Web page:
One Time Settlement: In a one-time settlement, the remote computer is directed by an individual to send a batch request to a selected Enabler. The batch settlement then occurs in the same manor as a driven settlement.
Alternatively, batch processing may also occur when a predetermined number of transactions have been conducted. Such uploads may take place concurrently during additional new transactions which may be stored in an alternative batch memory, or in the original batch memory as it becomes available during an upload process.
Since batch processing may be susceptible to user fraud (e.g., a user might attempt to purchase an item using a Credit card which is already at or exceeded its Credit limit, or has been recently stolen or a lost Credit card recently found), it is preferable that limits are placed on the amount a user can purchase with each Credit card account over a given period of time in which stored Credit transactions have yet to be uploaded. Thus, for a vending machine that dispenses soft drinks, for example, a limit may be imposed for the purchase of two bottles. Thereafter, if the user attempts to purchase a vended item, the controller (computer) operation system allows a subsequent transaction to be conducted in real time only (i.e., contacting the Credit company's network computer directly.
Accordingly, FIG. 6 illustrates a flowchart depicting a method for batch processing of Credit transactions according one embodiment of the present invention. Thus, initially, during a current transaction, a Credit card is swiped (122) over a magnetic swipe reader for the purchase of a vended item. The account data of the card obtained from the swipe reader is checked (124) to see if it conforms to the correct number of digits (i.e., does the Credit account number comprise sixteen (16) digits). If the account data does not contain the appropriate number of account digits, the transaction is canceled, and a message is displayed to the purchaser stating that the card data is invalid (138).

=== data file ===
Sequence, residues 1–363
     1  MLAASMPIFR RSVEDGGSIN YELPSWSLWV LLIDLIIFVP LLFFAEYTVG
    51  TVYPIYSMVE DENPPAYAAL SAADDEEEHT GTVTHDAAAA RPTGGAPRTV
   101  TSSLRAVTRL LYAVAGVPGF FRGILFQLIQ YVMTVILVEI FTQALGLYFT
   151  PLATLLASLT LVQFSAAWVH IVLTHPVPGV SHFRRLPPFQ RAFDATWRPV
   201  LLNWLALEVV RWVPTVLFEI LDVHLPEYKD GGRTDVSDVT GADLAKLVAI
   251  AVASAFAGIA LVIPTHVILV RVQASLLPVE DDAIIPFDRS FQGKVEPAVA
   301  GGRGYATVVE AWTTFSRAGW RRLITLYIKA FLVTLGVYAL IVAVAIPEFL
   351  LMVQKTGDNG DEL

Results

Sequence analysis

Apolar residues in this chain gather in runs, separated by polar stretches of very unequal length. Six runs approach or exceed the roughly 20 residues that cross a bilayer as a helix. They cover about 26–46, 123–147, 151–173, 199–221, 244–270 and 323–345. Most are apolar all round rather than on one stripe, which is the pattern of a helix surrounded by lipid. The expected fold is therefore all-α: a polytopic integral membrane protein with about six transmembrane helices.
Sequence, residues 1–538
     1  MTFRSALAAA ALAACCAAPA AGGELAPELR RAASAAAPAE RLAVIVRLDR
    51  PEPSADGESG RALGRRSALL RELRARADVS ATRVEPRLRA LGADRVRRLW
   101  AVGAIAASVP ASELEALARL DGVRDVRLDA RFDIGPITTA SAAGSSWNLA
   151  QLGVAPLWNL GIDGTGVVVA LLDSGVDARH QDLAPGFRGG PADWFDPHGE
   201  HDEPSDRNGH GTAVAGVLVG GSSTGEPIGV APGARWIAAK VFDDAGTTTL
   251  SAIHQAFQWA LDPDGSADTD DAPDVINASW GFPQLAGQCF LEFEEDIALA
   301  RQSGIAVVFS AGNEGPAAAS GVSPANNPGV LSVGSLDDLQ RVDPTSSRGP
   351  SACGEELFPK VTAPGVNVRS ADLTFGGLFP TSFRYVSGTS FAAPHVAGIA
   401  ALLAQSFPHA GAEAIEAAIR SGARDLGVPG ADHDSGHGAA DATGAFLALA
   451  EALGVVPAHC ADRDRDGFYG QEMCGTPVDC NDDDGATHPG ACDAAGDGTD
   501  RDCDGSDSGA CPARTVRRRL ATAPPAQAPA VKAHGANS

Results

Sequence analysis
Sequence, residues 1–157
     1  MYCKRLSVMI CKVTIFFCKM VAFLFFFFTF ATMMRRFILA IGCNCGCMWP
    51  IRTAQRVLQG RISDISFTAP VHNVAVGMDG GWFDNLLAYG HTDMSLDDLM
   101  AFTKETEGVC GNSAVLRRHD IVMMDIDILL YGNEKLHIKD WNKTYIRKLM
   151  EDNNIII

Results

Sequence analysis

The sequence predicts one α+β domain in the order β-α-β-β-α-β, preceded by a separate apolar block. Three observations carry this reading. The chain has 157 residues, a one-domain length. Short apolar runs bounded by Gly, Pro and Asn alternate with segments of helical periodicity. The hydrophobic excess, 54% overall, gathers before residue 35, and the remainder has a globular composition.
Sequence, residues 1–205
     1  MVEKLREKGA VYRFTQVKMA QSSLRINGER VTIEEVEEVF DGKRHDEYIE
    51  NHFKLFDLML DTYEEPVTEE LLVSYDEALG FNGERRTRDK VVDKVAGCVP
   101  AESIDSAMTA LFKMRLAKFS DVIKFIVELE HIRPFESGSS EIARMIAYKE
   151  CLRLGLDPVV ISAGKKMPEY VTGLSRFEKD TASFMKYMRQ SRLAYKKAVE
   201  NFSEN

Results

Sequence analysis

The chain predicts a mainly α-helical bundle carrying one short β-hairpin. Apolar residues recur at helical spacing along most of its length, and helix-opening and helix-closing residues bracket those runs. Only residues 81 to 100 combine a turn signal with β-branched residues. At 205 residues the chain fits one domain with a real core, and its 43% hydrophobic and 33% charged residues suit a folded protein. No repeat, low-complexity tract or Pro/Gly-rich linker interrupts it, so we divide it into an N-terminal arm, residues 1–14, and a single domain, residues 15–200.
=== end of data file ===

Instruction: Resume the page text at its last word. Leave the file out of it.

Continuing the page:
If the account number includes the appropriate number of digits (i.e., is good data), then a determination is made whether there is enough room in the batch memory for the current transaction to be saved (126). If not, then the vending machine conducts the Credit transaction in real time (Online authorization—128). During a real time transaction, if the Credit transaction is approved, a “Make Selection” is displayed to the purchaser (130) at which time a selection of the product is made. If the selected product is sold out (132), then the “Make Selection” indicator is displayed to the purchaser again. Upon selection of a product which is not out of stock, the product is vended and the transaction is completed (134), and the transaction Credit data is added to the batch if the transaction was not conducted in real-time (136). If the Credit account is declined, the transaction is canceled (129).